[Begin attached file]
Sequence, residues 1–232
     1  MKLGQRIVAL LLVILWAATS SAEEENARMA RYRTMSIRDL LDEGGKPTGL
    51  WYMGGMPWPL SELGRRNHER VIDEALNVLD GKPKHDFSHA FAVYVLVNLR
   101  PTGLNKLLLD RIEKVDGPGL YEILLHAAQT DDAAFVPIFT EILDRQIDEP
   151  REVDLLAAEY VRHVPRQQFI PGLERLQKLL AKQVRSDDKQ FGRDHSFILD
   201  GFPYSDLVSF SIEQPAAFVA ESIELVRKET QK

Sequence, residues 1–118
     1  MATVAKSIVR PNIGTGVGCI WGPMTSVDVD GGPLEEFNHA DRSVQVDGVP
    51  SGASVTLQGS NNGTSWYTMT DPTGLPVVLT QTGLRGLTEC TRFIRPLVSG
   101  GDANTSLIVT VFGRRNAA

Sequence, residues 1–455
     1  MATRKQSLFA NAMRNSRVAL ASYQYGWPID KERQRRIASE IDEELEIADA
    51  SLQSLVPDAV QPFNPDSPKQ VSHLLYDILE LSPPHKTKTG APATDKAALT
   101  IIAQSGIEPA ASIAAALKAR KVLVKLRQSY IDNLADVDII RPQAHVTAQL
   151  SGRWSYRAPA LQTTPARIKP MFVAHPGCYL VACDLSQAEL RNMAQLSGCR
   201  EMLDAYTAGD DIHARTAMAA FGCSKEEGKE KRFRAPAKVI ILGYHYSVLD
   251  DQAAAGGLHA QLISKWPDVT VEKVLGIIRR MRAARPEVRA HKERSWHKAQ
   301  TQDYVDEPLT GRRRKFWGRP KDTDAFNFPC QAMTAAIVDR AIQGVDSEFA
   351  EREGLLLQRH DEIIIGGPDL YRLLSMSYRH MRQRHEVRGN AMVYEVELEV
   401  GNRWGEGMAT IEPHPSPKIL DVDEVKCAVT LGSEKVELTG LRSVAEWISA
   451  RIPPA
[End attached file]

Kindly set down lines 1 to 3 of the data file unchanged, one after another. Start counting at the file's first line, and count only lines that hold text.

Sequence, residues 1–232
     1  MKLGQRIVAL LLVILWAATS SAEEENARMA RYRTMSIRDL LDEGGKPTGL
    51  WYMGGMPWPL SELGRRNHER VIDEALNVLD GKPKHDFSHA FAVYVLVNLR